Having an intense and long-lasting passion for your business idea is undoubtedly an essential aspect of forming a successful start-up. Unfortunately, it isn’t enough on its own to get a business off the ground. You need to make sure that the love and interest you have for your business can also be found in customers. Before throwing caution to the wind and investing your life savings into your business idea, it’s important to do a substantial amount of market research to make sure it’s a viable business. 

Firstly, it’s important that the product or service that you will be providing is something that people will actually want. Entrepreneurs should make the effort to define and understand their target market and focus on providing them with something of value. Good market research in an invaluable resource to understand exactly what customers need and what they would think of your product or service. With the right research you can get to the bottom of your customer’s needs and problems as well as find out all their opinions and suggestions regarding your business idea. Having a good understanding of your customer base will not only help you in the beginning when deciding if the business is feasible, it will also be an incredible tool to refer back to throughout your business as you evolve with respect to your target market. 

The second aspect of market research that is important to carry out is the in-depth understanding of the competitors you and your product will be up against when you launch the business. If the market is completely saturated with competitors, it will give you an indication of whether the business idea is worth pursuing. Additionally, understanding how a competitor has achieved success in the industry will help with inspiration on how to conduct your own business. 

Test the Idea 

The best way to know whether your business idea is good fit for you and your future is to gain some direct experience in the field. Take a part time job or get work experience in an existing similar role to get to grips with the day to day realities of the role. Not only can you decide whether you enjoy the role, you also get some behind the scenes knowledge on what makes a successful similar business tick and how much work is involved.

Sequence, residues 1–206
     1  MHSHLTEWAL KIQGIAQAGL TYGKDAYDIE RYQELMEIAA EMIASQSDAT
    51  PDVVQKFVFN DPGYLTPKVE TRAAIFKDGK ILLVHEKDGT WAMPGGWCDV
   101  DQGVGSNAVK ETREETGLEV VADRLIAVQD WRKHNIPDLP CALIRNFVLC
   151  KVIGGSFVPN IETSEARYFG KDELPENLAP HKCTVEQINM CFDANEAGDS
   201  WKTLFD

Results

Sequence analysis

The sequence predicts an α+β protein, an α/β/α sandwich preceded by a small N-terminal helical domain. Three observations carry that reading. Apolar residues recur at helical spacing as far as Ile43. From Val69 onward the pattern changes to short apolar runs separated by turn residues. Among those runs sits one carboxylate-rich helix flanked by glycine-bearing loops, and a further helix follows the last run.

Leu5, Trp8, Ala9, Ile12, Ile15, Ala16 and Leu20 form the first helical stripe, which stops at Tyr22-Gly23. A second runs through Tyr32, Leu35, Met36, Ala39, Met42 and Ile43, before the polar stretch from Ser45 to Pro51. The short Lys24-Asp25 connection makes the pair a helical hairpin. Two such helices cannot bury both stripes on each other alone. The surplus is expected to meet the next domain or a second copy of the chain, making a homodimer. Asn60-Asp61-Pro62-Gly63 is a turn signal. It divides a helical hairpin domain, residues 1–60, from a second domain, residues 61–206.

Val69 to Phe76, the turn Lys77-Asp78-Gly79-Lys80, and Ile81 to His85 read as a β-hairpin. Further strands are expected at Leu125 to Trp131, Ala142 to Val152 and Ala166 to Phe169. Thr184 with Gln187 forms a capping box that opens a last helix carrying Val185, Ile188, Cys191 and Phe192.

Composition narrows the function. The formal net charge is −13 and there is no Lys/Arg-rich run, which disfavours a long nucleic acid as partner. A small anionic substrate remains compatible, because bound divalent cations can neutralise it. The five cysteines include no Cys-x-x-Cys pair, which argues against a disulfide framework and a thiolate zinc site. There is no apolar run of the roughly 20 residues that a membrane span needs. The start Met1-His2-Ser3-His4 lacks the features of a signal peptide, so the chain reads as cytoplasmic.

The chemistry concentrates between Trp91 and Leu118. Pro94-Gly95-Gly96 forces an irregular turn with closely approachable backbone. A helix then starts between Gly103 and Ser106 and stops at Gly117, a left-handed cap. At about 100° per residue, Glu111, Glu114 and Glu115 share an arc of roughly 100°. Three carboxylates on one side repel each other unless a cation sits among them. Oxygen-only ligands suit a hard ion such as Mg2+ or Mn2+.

Additionally, starting a conversation with existing entrepreneurs in the industry is a great way to understand some of the challenges that your business might face as well as beginning to build up a network of contacts that could be useful should you decide to go ahead with the business. Be aware that businesses and entrepreneurs might not want to form a relationship or impart wisdom if they believe you’ll be indirect competition with them so it’s best to reach out to entrepreneurs from further afield. 

What Are Your Resources?

Probably the biggest limitation to start-up businesses is whether they’ll be supplied with the appropriate resources in order to become successful. Predominantly this refers to funding. When you’ve narrowed down your list to business ideas that match your skillset, your lifestyle ideals and your passions, the next step is to ensure you have the funding and availability of resources to support it. 

Entrepreneurs should conduct a cost and revenue analysis where they write out a list of all the potential avenues of revenue and costs that they will encounter for the start-up and beyond.

There are two main options for funding a start-up: self-funding and venture capital.

Self-funding is self-explanatory, it involves you paying for all the start-up costs. Venture capital is the alternative that constitutes accepting the required money from other people to launch the business. 

Self-funding is the much more probable option for a new entrepreneur and the initial business plan you draft up should be kept online with your financial capabilities. 


The last thing to seriously consider when deciding on a business idea is if it will be profitable.

Whether a product or service becomes profitable depends on a number of factors including the necessity of the product, the size of the customer base, marketing, cost of production, retail value and scale of production. Your business idea may seem ideal in every sense but if it cannot turn a profit, it will be a futile endeavour.

Entrepreneurs should take the time to fully understand and project the earning potential of their business before investing in it. 

Additionally, the profitability should align with your future plans. If the business has a lower earning potential but still remains profitable, ensure you are prepared for the realities of how much you will be taking home as a salary each year and that it will be able to fund the lifestyle you desire. 


The nature of your business idea is really the most important part of being an entrepreneur. It dictates success, whether that be market appeal, investment opportunities or marketing capability. It’s imperative that you spend the time needed to be certain that your idea is the one. Failing to do so can lead to disaster.